Thursday, March 31, 2011

Happy birthday, Bunsen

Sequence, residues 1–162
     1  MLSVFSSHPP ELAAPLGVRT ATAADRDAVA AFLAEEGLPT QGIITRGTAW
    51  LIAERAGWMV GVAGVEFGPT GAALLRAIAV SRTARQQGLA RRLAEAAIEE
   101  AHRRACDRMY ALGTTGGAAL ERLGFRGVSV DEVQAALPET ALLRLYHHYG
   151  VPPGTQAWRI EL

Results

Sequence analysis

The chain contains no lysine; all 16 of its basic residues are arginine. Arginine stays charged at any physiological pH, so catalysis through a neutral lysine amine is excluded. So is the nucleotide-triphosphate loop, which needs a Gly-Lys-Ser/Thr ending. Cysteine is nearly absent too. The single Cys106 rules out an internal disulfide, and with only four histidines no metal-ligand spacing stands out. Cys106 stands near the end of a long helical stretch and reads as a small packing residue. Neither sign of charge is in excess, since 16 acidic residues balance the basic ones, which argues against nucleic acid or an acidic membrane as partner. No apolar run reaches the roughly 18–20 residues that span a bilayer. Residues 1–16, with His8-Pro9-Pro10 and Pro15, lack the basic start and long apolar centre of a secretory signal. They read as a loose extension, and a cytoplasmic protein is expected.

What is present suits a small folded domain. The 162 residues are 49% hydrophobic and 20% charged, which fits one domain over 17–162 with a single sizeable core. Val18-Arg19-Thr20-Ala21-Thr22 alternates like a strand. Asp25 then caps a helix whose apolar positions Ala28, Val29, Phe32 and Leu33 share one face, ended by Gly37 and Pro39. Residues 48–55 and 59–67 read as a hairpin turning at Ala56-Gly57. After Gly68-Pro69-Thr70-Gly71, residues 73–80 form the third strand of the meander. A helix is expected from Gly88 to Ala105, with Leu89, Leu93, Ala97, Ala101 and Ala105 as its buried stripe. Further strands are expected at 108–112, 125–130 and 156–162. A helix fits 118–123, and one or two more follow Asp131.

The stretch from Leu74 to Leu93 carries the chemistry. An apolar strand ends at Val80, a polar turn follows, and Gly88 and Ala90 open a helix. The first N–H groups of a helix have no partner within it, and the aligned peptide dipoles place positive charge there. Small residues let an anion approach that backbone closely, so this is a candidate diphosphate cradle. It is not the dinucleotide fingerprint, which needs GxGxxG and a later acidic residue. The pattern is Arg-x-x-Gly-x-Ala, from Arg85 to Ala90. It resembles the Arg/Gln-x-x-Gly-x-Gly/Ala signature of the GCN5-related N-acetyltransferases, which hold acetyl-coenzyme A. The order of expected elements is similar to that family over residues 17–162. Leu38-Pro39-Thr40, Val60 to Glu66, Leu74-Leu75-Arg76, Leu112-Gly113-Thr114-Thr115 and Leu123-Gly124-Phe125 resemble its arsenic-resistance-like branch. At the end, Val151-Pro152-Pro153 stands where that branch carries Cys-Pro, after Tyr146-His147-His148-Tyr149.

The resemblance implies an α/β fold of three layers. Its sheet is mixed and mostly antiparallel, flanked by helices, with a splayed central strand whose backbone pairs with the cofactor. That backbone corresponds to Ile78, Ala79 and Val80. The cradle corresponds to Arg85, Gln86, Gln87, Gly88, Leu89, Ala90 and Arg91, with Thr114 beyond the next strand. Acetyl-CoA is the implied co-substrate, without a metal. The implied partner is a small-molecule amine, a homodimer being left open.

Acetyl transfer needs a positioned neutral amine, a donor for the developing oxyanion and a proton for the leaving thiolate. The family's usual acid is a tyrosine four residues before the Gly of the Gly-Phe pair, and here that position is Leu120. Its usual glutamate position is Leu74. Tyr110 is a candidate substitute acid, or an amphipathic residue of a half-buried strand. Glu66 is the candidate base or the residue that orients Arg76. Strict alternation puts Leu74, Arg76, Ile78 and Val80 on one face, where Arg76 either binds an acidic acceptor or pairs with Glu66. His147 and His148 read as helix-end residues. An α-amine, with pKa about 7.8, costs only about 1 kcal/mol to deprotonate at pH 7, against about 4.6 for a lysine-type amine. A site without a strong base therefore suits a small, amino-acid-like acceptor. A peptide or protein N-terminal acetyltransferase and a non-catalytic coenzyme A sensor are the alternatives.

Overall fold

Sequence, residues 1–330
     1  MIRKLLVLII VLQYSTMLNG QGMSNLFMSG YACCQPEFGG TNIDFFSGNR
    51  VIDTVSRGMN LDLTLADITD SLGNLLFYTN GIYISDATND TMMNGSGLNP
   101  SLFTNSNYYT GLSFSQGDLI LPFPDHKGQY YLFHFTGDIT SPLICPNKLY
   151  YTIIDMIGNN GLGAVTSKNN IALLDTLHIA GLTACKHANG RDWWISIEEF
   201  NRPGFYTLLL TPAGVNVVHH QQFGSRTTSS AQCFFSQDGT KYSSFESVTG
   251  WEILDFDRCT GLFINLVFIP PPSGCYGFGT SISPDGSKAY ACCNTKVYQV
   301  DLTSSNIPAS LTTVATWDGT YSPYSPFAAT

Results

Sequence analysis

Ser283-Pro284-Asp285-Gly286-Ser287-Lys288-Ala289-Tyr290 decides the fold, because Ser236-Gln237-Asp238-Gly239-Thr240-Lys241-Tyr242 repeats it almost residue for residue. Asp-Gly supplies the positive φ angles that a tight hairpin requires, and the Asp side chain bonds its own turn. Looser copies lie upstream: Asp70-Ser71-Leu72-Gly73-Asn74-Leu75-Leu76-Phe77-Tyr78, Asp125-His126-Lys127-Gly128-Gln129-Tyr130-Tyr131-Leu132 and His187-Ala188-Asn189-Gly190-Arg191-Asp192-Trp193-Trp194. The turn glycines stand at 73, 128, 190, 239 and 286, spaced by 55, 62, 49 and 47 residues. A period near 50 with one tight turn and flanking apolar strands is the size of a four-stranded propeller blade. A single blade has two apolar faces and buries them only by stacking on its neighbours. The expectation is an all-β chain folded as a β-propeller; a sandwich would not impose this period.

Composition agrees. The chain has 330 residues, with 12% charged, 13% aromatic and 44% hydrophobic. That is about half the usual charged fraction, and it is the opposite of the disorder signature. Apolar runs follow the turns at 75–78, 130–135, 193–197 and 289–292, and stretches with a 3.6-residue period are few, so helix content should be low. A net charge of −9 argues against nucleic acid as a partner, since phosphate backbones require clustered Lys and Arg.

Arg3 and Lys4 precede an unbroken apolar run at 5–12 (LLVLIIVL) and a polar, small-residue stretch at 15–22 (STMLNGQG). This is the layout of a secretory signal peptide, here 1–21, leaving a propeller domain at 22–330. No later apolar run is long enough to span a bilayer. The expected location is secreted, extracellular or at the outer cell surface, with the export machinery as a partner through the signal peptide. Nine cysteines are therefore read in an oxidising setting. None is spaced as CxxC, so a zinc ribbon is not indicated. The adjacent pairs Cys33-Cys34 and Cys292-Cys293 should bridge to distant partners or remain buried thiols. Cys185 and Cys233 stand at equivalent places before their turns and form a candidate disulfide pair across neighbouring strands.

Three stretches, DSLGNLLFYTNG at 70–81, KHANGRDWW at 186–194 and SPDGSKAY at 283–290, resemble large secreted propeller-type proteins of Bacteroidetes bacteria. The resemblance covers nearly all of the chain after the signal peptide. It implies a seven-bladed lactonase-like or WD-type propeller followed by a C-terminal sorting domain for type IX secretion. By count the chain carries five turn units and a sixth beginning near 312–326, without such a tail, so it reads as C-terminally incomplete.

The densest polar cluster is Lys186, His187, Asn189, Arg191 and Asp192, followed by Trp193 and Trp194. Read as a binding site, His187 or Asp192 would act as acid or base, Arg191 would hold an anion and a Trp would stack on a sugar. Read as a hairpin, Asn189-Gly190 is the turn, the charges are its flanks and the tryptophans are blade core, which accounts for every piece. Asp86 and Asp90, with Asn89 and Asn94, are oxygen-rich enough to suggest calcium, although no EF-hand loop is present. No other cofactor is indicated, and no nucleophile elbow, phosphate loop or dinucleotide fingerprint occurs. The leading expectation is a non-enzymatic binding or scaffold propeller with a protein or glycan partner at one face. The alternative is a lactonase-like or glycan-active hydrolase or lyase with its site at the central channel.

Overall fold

I'm sure I'm not the only one who logged onto the computer this morning and wondered why Google had a bunch of lab equipment as their logo. It turns out today is the 200th anniversary of the birth of Robert Bunsen, designer of the gas flame burner we've all used in lab (see a LEGO version by Neodymium-boy below). Bunsen created this gas flame (or improved on previous designs, to be more exact) as part of his study of emission spectra of elements. When you heat up a substance, the energy can bump electrons from lower energy levels up to higher energy levels, putting them at a higher potential energy. This is analogous to lifting a weight - by putting in energy, you are putting the weight at a higher potential energy relative to the earth's gravity. When you let go of the weight, it will fall back down. The same is true of electrons; they will relax from a higher energy state to a lower energy state. That energy has go go somewhere (the conservation of energy tells us that energy is neither created nor destroyed, it simply changes forms), and in many cases it is given off in the form of light. Studying the energy of the light given off tells us about the relative energies of the electrons involved.

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